Why I got involved with the EDI Member Reference Group?
Being female and of Asian background within the NHS, renders individuals such as myself, at risk of certain disadvantage, for example being less likely to be appointed or promoted to senior positions, or facing gender pay-gap discrepancies. International medical graduates; those of other ethnicities or disadvantaged socio-economic backgrounds; people with disabilities or certain sexual or gender orientations; and many others, are too, continually confronted with a plethora of employment disparities and unconscious bias within the NHS on a daily basis.
The COVID-19 pandemic, although struck many lives, disproportionately affected those from Black, Asian and ethnic minority communities, and disadvantaged socio-economic backgrounds. It was a stark and harsh reminder, that these long-standing issues of inequality, not only ripples through our NHS working lives, but is deep-rooted within our wider society - the very communities that homes the children and young people we strive to serve within our paediatric care.
Addressing these issues has never been more relevant, with an urgent need for effective change required. This year more than ever had me asking: what could I do to make a change?
The RCPCH with its members and responsibilities for child health in the UK and globally, recognised and embraced its integral role in championing values of equality, diversity and inclusion (EDI). To help best guide them in this process, they wanted to hear real opinions and thoughts directly from their paediatric workforce, and in August 2020 made a call for volunteers to join their EDI member reference group that would help work on four workstreams: ‘working lives of paediatricians’, ‘volunteering and awards’, ‘health outcomes for children and young people’, and ‘our College’.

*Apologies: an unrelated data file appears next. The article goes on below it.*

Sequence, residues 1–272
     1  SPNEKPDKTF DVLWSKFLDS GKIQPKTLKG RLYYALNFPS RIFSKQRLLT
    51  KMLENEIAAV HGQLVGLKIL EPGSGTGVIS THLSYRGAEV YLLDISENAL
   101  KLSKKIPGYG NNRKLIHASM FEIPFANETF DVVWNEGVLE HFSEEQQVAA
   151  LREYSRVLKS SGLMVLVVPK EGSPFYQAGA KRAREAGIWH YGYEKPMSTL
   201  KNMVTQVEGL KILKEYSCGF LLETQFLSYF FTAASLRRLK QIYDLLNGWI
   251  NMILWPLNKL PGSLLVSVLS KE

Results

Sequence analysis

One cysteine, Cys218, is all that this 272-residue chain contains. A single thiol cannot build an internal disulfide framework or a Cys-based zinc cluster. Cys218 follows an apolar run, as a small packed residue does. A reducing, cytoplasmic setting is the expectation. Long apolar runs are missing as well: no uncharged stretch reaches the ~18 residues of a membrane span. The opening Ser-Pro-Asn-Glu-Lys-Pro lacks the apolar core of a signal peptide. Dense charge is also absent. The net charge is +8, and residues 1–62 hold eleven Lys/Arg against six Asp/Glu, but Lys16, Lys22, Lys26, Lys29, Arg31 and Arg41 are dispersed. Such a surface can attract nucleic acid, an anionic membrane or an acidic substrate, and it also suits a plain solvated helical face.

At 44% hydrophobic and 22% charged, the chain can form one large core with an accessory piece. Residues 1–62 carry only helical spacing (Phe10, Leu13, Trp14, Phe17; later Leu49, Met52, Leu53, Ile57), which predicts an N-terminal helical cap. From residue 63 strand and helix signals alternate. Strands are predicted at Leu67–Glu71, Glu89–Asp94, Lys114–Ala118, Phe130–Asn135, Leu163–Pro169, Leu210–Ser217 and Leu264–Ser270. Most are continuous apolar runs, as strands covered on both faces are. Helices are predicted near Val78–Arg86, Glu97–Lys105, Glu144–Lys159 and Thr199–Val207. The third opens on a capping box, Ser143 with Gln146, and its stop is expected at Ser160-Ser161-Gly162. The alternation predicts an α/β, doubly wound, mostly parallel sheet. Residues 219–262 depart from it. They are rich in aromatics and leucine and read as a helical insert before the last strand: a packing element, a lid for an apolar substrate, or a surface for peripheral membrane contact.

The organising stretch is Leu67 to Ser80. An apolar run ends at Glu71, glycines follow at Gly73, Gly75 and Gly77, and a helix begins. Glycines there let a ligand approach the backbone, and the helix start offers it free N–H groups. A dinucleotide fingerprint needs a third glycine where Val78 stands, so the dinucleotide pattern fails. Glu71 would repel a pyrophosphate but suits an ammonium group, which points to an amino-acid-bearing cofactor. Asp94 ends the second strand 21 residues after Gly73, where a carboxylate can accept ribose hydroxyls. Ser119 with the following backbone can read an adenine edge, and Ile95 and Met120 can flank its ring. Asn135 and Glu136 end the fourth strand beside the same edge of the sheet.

Working with this team became an exciting opportunity to be a part of the change that we want to see
With their pledged commitments of, ‘Be Accountable, Be a Voice For Change, Continue to engage deeply and widely’, to me, working with this team became an exciting opportunity to be a part of the change that we want to see.
What do you enjoy about it and what does the role involve?
One of the best aspects of volunteering for the EDI member reference group has been working alongside twenty other passionate and innovative paediatricians, as well as the RCPCH EDI team, all of whom bring their unique journeys, differences, backgrounds and ideas to the table. Over the last few months we have been virtually meeting and challenged with inspiring, thought-provoking ideas, as well as complex and at times raw conversations, when getting to the real crux of issues. They have continuously sought our reflections and feedback, whilst actively encouraging a safe space for alternative suggestions and original thought.
As part of the ‘our College’ workstream, my role has entailed looking introspectively into the construct of RCPCH, which identified a need to learn more about the protected characteristics of its members and creating a culture where people felt comfortable to share this. Ensuring events, conferences, publications and staff networks reflect the diversity of the College’s membership has been another key focus.
Why should others get involved?
March 2021 marked the publication of our collaborative work, ‘ Working for Change: RCPCH’s next steps on equality, diversity and inclusion’, detailing a summation of points for each work stream, striving to evoke open, honest dialogue and action amongst its members. Although a positive step forwards, this is very much the beginning.
As paediatricians, I truly believe we are a cornerstone in advocating for a healthier, more equal, diverse and inclusive future for children and young people across the world. However, we need to also lead by example within our own day to day practice. There is so much to do, with many of your voices still yet to be heard. That is why you need to get involved!